SOLAR WATER HEATER
Solar water heaters, sometimes called solar domestic hot water systems can be a cost-effective way to generate hot water for your home. They can be used in any climate, and the fuel they use, sunshine is free.
HOW THEY WORK
Solar water heating systems include storage tanks and solar collectors. There are two types of solar water heating systems: active, which have circulating pumps and controls, and passive, which don't.
ACTIVE SOLAR WATER HEATING SYSTEMS
There are two types of active solar water heating systems:
• Direct circulation systems Pumps circulate household water through the collectors and into the home. They work well in climates where it rarely freezes.
• Indirect circulation systems Pumps circulate a non-freezing, heat-transfer fluid through the collectors and a heat exchanger. This heats the water that then flows into the home. They are popular in climates prone to freezing temperatures.
PASSIVE SOLAR WATER HEATING SYSTEMS
Passive solar water heating systems are typically less expensive than active systems, but they're usually not as efficient. However, passive systems can be more reliable and may last longer. There are two basic types of passive systems:
INTEGRAL COLLECTOR-STORAGE PASSIVE SYSTEMS
These consist of a storage tank covered with a transparent material to allow the sun to heat the water. Water from the tank then flows into the plumbing system. These work best in areas where temperatures rarely fall below freezing. They also work well in households with significant daytime and evening hot-water needs.
THREE TYPES OF SOLAR COLLECTORS ARE USED FOR RESIDENTIAL APPLICATIONS:
Glazed flat-plate collectors are insulated, weatherproofed boxes that contain a dark absorber plate under one or more glass or plastic (polymer) covers. Unglazed flat-plate collectors, typically used for solar pool heating have a dark absorber plate, made of metal or polymer, without a cover or enclosure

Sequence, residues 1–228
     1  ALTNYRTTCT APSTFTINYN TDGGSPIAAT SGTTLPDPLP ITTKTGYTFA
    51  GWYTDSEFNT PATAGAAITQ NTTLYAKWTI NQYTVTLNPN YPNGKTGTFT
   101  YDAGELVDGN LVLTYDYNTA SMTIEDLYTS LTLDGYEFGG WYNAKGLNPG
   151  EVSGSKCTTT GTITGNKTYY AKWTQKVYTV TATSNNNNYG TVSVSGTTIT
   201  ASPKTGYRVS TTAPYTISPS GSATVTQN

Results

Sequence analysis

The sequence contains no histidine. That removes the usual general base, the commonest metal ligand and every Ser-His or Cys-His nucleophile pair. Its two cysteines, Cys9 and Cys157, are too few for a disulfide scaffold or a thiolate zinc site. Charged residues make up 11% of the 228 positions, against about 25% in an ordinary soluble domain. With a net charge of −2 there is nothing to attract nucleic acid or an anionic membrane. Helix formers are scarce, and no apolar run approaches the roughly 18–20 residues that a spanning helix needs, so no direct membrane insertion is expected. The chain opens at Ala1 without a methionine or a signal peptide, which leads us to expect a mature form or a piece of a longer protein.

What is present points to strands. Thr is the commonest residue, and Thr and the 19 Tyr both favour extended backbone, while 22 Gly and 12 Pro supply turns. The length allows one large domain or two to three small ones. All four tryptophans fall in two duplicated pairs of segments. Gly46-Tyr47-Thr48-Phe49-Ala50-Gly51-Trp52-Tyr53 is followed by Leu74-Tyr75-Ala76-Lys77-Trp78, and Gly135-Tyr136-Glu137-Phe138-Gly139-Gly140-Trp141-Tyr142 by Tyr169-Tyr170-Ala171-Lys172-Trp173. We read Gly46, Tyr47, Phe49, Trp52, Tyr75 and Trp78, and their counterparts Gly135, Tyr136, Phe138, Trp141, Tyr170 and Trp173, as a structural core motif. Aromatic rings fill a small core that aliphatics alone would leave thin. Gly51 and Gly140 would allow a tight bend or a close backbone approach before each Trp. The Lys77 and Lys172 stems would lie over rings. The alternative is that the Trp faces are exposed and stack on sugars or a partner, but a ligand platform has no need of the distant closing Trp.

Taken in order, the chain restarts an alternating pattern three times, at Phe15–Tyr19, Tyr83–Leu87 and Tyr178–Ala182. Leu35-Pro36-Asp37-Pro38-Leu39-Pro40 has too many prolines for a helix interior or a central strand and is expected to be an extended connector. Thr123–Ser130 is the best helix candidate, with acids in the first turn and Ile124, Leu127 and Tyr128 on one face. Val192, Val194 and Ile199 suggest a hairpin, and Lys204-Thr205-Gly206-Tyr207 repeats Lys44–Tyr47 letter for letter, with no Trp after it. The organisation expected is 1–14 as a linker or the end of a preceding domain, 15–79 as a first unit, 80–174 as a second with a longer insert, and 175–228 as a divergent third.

INTEGRAL COLLECTOR-STORAGE SYSTEMS
Also known as ICS or batch systems, they feature one or more black tanks or tubes in an insulated, glazed box. Cold water first passes through the solar collector, which preheats the water. The water then continues on to the conventional backup water heater, providing a reliable source of hot water. They should be installed only in mild-freeze climates because the outdoor pipes could freeze in severe, cold weather.
EVACUATED-TUBE SOLAR COLLECTORS
They feature parallel rows of transparent glass tubes. Each tube contains a glass outer tube and metal absorber tube attached to a fin. The fin's coating absorbs solar energy but inhibits radiative heat loss. These collectors are used more frequently for commercial applications.
Solar water heating systems almost always require a backup system for cloudy days and times of increased demand. Conventional storage water heaters usually provide backup and may already be part of the solar system package. A backup system may also be part of the solar collector, such as rooftop tanks with thermosyphon systems. Since an integral-collector storage system already stores hot water in addition to collecting solar heat, it may be packaged with a tankless or demand-type water heater for backup.